Biological Invasions

, Volume 19, Issue 8, pp 2247–2259 | Cite as

Reproductive timing as a constraint on invasion success in the Ring-necked parakeet (Psittacula krameri)

  • Alvaro Luna
  • Detlev Franz
  • Diederik Strubbe
  • Assaf Shwartz
  • Michael P. Braun
  • Dailos Hernández-Brito
  • Yariv Malihi
  • Asaf Kaplan
  • Emiliano Mori
  • Mattia Menchetti
  • Chris A. M. van Turnhout
  • Dave Parrott
  • Frank-M. Chmielewski
  • Pim EdelaarEmail author
Original Paper


Climate similarity favors biological invasion, but a match between seasonality in the novel range and the timing of life cycle events of the invader also influences the outcome of species introduction. Yet, phenology effects on invasion success have generally been neglected. Here we study whether a phenological mismatch limits the non-native range of a globally successful invader, the Ring-necked parakeet, in Europe. Given the latitudes at which parakeets have established across Europe, they breed earlier than expected based on breeding dates from the native Asian range. Moreover, comparing the breeding dates of European populations to those of parakeets in the native Asian range, to five native breeding bird species in Europe and to the start of the growing season of four native European trees shows that the discrepancy between expected and actual breeding phenology is greater in northern Europe. In northern European populations, this temporal mismatch appears to have negative effects on hatching success, and on population growth rates in years that are colder than average in the first six months. Phenological mismatch also can explain why parakeets from African populations (that are more likely to breed in autumn) have been poor invaders compared to parakeets from Asia. These lines of evidence support the hypothesis that the reproductive phenology of the Ring-necked parakeet can be a limiting factor for establishment and range expansion in colder climates. Our results provide growing support for the hypothesis that the match between climate seasonality and timing of reproduction (or other important life cycle events) can affect the establishment success, invasive potential and distribution range of introduced non-native species, beyond the mere effect of climate similarity.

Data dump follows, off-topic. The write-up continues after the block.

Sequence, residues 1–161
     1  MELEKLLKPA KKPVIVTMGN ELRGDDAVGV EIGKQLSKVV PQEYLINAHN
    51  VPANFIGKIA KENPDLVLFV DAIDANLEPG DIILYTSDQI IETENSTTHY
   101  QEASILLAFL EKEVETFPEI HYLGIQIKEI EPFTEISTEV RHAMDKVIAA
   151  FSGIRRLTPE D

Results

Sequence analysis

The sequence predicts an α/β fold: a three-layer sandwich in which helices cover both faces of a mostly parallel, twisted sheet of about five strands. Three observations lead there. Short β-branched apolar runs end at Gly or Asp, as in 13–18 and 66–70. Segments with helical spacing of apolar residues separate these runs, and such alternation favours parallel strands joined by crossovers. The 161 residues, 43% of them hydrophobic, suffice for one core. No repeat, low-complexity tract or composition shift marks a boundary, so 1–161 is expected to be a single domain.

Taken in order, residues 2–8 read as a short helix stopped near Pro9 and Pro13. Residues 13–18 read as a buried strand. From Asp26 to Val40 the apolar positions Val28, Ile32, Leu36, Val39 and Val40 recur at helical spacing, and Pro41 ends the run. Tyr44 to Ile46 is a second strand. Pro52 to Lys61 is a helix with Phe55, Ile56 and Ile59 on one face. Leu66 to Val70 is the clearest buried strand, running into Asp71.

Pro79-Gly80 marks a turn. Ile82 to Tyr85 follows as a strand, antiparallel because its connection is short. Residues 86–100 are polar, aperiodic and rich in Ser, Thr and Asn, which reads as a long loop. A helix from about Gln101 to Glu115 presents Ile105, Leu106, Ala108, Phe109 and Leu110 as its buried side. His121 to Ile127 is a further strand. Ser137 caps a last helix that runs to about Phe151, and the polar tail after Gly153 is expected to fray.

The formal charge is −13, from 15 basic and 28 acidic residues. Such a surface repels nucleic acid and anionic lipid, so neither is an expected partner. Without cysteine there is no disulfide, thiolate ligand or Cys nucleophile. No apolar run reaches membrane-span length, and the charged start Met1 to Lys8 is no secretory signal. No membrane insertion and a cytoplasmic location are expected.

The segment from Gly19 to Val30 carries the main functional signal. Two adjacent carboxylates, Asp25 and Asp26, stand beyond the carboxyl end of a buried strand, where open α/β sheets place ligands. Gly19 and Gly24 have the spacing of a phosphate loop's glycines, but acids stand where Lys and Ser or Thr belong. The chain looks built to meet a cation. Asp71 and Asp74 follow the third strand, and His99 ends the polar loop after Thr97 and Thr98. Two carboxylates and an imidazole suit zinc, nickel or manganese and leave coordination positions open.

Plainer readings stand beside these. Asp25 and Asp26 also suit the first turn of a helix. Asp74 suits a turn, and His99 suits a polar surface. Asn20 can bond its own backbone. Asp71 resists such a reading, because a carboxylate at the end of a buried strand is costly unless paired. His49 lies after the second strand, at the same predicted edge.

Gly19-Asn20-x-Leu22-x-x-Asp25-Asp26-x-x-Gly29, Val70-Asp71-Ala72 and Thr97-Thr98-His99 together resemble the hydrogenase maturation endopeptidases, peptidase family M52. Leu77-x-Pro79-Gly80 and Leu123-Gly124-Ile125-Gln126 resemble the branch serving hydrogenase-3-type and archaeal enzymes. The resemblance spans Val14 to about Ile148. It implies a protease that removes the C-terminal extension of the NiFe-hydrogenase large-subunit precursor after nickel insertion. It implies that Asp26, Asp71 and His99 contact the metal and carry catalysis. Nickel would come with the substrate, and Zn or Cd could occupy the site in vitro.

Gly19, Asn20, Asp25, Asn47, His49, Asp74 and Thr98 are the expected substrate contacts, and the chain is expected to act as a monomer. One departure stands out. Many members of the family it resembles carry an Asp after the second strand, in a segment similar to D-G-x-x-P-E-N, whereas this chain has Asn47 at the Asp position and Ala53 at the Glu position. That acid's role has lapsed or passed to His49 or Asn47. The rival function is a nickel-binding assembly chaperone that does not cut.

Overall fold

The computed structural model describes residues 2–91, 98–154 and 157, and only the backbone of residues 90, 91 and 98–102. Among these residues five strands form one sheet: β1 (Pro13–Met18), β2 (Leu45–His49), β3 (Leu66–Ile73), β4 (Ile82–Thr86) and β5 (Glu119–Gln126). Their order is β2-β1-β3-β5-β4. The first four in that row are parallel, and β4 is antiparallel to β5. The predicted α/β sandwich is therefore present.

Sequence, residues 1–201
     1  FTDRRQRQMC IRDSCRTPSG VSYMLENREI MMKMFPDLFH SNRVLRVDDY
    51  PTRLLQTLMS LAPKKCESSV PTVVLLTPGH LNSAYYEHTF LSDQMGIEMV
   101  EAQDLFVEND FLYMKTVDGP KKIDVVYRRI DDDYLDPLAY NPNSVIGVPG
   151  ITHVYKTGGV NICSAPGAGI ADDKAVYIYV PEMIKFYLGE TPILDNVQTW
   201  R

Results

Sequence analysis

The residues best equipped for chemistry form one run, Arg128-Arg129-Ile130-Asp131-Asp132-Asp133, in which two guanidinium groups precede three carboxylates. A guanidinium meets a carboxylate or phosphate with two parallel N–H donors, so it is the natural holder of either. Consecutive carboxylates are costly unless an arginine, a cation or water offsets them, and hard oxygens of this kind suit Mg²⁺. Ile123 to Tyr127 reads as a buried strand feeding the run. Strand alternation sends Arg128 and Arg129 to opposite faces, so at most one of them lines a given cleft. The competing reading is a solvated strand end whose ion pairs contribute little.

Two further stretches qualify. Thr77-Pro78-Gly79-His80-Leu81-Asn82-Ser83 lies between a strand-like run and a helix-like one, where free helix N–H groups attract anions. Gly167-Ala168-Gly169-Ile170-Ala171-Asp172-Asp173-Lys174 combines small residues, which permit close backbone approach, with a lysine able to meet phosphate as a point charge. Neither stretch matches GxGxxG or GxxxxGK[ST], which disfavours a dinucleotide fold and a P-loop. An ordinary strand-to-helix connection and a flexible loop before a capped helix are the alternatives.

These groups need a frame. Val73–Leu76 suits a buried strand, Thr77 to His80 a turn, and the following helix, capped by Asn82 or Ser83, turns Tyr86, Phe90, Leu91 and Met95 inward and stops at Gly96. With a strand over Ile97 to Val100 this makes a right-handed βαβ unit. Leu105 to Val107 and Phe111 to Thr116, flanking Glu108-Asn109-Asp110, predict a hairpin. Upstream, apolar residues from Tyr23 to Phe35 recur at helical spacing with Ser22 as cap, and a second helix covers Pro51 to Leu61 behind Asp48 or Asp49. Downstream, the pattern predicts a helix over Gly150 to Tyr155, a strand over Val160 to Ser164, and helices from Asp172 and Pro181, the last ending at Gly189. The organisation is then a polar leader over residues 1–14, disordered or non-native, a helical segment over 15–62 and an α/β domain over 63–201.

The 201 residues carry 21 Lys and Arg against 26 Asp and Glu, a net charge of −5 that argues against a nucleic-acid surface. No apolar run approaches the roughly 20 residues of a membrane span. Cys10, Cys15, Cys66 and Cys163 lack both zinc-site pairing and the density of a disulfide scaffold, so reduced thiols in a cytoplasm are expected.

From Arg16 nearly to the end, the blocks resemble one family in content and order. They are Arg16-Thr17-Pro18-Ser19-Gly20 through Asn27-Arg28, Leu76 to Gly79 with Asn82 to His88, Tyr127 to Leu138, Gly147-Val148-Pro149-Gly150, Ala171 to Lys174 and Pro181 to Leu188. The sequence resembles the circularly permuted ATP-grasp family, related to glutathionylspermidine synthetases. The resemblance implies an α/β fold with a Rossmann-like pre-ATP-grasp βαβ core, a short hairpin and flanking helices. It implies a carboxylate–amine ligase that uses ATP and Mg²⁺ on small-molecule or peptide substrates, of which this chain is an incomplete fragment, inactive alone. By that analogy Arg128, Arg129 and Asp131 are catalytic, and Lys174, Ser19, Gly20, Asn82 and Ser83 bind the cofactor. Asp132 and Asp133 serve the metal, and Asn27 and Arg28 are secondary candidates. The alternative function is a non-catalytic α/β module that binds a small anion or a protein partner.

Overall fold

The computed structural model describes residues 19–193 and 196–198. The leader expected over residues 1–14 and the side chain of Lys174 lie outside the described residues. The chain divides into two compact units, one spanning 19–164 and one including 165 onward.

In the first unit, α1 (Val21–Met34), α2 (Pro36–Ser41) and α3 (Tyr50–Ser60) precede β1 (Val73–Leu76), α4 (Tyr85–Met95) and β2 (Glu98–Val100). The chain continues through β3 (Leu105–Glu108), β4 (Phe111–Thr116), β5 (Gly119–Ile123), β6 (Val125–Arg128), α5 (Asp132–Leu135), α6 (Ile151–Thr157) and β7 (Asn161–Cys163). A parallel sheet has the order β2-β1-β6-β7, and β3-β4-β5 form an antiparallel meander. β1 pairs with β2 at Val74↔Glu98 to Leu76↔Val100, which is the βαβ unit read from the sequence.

Phenology Climate Invasive species Adaptation Urban environment Pet trade Parrots 



We thank Marco van Wieringen for carrying out roost counts in Haarlem, Christopher Rhodes for collecting nesting data in London, NPA rangers for help with roost counts in Israel, and D. Brito, I. Brito and D. Hernández for help with obtaining feather samples on Tenerife. We would like to acknowledge all natural history collections that gave access to their egg collections online or in private, and especially Iris Heynen (Staatliches Museum für Naturkunde, Stuttgart, Germany) and the National Museum of Scotland. We thank the staff of María Luisa Park for access. The work in London was funded by The Department for Environment, Food and Rural Affairs (Defra). DS is funded by a Marie Skłodowska-Curie Action under the Horizon 2020 call (H2020-MSCA-IF-2015, Grant Number 706318), and acknowledges the Danish National Research Foundation for support to the Center for Macroecology, Evolution and Climate (Grant Number DNRF96). PE was supported by the Spanish Ministry of Economy and Competitiveness through grants RYC-2011-07889, CGL-2012-35232, CGL2013-49460-EXP and CGL2016-79483-P, with support from the European Regional Development Fund. We further acknowledge the financial support by COST Action ES1304 (‘ParrotNet’) that facilitated collaboration between the authors. The contents of this manuscript are the authors’ responsibility and neither COST nor any person acting on its behalf is responsible for the use which might be made of the information contained in it.


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Copyright information

© Springer International Publishing Switzerland 2017

Authors and Affiliations

  • Alvaro Luna
    • 1
    • 2
  • Detlev Franz
    • 3
  • Diederik Strubbe
    • 4
    • 5
    • 6
  • Assaf Shwartz
    • 7
  • Michael P. Braun
    • 8
  • Dailos Hernández-Brito
    • 1
  • Yariv Malihi
    • 9
  • Asaf Kaplan
    • 9
  • Emiliano Mori
    • 10
  • Mattia Menchetti
    • 11
  • Chris A. M. van Turnhout
    • 12
    • 13
  • Dave Parrott
    • 14
  • Frank-M. Chmielewski
    • 15
  • Pim Edelaar
    • 1
    Email author
  1. 1.Department Molecular BiologyUniversity Pablo de OlavideSevilleSpain
  2. 2.Department of Conservation BiologyEstación Biológica de DoñanaSevilleSpain
  3. 3.WackernheimGermany
  4. 4.Center for Macroecology, Evolution and Climate, Natural History Museum of DenmarkUniversity of CopenhagenCopenhagenDenmark
  5. 5.Evolutionary Ecology GroupUniversity of AntwerpAntwerpBelgium
  6. 6.Terrestrial Ecology UnitGhent UniversityGhentBelgium
  7. 7.Faculty of Architecture and Town PlainingTechnionHaifaIsrael
  8. 8.Department of Biology, Institute of Pharmacy and Molecular BiotechnologyUniversity of HeidelbergHeidelbergGermany
  9. 9.Israel Nature and Park AuthorityRosh HaayinIsrael
  10. 10.Dipartimento di Scienze della VitaUniversità degli Studi di SienaSienaItaly
  11. 11.Department of BiologyUniversity of FlorenceFlorenceItaly
  12. 12.Sovon Dutch Centre for Field OrnithologyNijmegenThe Netherlands
  13. 13.Department of Animal Ecology and Ecophysiology, Institute for Water and Wetland ResearchRadboud UniversityNijmegenThe Netherlands
  14. 14.National Wildlife Management CentreAnimal and Plant Health AgencyYorkUK
  15. 15.Albrecht Daniel Thaer-InstituteHumboldt-University of BerlinBerlinGermany

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